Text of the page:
“Yeah I don’t think I would (misreport) at all. Well, it’s not really frustration. You just kind of get the feeling that they’re disappointed in you, and disappointed that you haven’t been doing it. If they weren’t disappointed, maybe they should be, but I don’t think I’d lie.” Participant 6

Discussion

While some of these themes are common sense, or previously speculated upon, this is the first study to actually examine and document the motivations behind misreporting blood glucose values in patients with T1DM. Clarifying this is important, as SMBG, and its reporting in various forms, remains an essential aspect of modern diabetes management. This is demonstrated by our finding of misreporting behaviour spanning not only traditional written logbook, but also verbal fabrications, and efforts to interfere with the accuracy of electronic pump and meter downloads. Due to the age of past publications in this area, electronic/pump misreporting has not previously been described. Additional key findings are the identified themes exploring this behaviour, including the common themes of achieving some benefit from misreporting, avoiding negative consequences from reporting suboptimal blood glucose, and avoiding worry/concern in others/self.

One overarching theme was misreporting to avoid negative consequences. This is consistent with the wider literature on the impact of negative consequences on diabetes treatment adherence. In particular, the observation that positive parental behaviours promote better adherence, while negative parental behaviours such as criticism or disciplinary action reduce adherence [1214]. Stigma and social desirability have also been shown to affect treatment adherence in adolescents, with the presence of friends providing either positive or negative effects on adherence [15], while a strong desire to fit in may negatively affect adherence [16]. The polarised responses from our participants’ reflect and support these findings. Another key theme was avoidance of worry/concern, either in the participant themselves or in others. If their blood glucose was upsetting them, participants were more likely to misreport. In addition, if they felt that suboptimal blood glucose levels would upset their parents, misreporting occurred in an attempt to protect, or spare them worry or concern. Clearly, the way that adolescents with diabetes view themselves and the world around them can precipitate stress, resulting in reduced adherence [17]. Finally, misreporting occurred in circumstances where there was a perceived benefit. Most commonly, this occurred at school, and also by fabricating hypoglycaemia to access food. Some participants had the view that they deserved to take advantage of their illness sometimes and that “there’s got to be some perks about it” (participant 11). This manipulation of school situations has been previously described [18].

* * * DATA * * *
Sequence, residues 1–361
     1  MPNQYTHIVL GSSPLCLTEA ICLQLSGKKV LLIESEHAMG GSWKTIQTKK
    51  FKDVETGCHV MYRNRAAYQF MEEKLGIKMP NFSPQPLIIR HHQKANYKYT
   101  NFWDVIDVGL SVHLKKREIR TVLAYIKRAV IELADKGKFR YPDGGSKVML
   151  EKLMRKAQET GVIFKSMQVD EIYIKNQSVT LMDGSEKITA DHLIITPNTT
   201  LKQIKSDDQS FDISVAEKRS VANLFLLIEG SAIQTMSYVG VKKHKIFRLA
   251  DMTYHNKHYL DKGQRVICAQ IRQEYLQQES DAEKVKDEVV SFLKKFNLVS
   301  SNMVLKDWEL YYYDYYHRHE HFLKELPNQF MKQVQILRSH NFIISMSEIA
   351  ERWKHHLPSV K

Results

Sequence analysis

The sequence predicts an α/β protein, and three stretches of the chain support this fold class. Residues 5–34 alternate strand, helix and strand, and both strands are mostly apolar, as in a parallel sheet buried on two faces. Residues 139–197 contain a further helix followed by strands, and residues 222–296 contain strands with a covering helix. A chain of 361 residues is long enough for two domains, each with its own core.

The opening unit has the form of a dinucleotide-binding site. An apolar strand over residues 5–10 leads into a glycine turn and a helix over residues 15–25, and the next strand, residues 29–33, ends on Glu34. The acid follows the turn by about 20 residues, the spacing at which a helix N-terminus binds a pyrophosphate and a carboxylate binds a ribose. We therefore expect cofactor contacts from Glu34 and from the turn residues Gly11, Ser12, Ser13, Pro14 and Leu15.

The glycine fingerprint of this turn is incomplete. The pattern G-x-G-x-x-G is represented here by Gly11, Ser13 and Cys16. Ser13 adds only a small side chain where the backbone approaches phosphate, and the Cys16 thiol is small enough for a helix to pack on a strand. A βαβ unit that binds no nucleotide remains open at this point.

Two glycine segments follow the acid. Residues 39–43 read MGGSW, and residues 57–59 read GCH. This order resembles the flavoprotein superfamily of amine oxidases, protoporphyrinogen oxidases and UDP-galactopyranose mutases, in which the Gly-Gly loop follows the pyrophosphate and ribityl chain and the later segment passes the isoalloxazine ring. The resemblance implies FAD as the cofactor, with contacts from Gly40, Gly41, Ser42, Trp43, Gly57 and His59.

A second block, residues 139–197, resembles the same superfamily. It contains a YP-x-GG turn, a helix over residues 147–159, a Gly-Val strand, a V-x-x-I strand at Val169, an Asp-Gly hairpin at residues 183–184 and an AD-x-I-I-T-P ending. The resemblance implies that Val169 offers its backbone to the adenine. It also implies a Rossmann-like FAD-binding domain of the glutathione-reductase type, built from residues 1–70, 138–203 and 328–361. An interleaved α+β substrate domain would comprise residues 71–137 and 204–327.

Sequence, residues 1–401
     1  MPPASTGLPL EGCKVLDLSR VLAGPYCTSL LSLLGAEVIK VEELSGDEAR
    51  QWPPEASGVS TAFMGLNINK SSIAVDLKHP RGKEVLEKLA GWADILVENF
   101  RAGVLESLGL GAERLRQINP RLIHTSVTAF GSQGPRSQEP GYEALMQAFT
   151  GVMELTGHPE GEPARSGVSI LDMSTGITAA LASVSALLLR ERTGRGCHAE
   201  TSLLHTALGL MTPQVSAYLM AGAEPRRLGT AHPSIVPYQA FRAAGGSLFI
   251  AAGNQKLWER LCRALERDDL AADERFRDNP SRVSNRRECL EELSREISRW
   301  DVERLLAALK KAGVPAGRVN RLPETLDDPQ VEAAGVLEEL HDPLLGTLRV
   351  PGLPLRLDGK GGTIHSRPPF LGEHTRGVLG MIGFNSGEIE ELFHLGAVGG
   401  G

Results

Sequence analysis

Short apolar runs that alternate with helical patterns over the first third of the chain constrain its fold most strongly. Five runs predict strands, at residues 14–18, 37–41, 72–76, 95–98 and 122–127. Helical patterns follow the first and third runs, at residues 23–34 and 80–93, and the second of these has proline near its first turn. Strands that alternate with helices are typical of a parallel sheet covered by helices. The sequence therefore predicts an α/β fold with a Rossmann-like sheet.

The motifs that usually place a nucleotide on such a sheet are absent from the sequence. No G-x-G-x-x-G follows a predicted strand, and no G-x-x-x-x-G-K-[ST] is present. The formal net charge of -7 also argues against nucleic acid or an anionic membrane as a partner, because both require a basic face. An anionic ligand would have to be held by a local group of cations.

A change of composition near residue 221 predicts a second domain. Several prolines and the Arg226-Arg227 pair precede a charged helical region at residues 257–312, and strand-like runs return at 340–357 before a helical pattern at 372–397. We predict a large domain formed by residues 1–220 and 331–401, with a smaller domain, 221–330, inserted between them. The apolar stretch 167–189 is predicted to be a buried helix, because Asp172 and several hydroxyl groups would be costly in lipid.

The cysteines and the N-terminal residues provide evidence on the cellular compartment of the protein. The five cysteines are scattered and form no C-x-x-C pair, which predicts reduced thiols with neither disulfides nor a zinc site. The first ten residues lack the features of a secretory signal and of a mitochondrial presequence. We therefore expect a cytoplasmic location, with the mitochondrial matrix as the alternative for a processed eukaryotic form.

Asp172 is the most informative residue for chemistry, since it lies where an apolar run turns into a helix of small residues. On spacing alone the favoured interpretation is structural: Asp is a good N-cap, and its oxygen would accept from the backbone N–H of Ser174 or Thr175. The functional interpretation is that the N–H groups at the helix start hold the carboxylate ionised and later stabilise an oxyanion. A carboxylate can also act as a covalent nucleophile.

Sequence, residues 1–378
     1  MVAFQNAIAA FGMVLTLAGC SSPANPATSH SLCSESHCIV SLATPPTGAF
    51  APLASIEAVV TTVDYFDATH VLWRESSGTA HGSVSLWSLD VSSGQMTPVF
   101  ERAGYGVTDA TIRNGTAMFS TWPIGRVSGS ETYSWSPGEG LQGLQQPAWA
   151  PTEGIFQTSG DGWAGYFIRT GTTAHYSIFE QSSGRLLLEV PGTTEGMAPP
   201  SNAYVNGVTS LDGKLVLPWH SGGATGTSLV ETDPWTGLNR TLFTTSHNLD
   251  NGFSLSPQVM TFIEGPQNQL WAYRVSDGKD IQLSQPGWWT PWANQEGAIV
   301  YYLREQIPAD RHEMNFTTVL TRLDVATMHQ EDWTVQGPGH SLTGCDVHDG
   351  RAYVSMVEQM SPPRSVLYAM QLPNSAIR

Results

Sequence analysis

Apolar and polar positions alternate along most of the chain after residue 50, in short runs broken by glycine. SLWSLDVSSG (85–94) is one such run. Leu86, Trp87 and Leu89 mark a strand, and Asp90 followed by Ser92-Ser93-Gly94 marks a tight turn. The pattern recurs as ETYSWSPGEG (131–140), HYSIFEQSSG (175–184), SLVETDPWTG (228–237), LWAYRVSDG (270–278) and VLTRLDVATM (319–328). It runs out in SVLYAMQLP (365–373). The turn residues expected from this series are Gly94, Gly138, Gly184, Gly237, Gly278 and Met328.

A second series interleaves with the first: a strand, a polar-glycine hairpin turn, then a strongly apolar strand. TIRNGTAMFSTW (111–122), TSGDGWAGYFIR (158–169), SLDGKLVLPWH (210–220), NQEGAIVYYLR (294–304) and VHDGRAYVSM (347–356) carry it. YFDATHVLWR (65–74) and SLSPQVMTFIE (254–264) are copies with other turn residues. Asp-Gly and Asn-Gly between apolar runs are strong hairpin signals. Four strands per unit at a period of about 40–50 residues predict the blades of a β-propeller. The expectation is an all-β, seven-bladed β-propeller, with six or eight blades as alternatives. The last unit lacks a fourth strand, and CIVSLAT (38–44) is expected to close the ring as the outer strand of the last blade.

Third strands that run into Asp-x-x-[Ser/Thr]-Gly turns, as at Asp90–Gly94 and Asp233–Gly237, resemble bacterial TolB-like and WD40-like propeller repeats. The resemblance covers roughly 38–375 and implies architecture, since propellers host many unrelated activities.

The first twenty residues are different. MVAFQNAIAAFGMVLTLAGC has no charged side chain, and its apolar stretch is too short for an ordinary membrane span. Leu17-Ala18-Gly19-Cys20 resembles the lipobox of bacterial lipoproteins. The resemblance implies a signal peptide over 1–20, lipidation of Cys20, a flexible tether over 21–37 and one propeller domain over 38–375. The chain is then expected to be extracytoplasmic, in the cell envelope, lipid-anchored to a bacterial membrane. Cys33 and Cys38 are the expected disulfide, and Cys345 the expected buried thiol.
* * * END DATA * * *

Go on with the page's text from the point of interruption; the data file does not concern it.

These adolescents all use reporting and misreporting as a functional way of manipulating their situation, either to achieve what they want, or to avoid what they do not want. Presenting oneself in a certain way in order to achieve a favourable outcome is a well-documented strategy in psychology and related disciplines [19]. One obvious way to reduce this behaviour would be to decrease the circumstances where misreporting is functional. An example in our findings is misreporting to prevent a negative reaction to the blood glucose reading, either anger, concern or frustration. Positively modifying this perception may provide an opportunity to reduce misreporting, as well as improve wellbeing.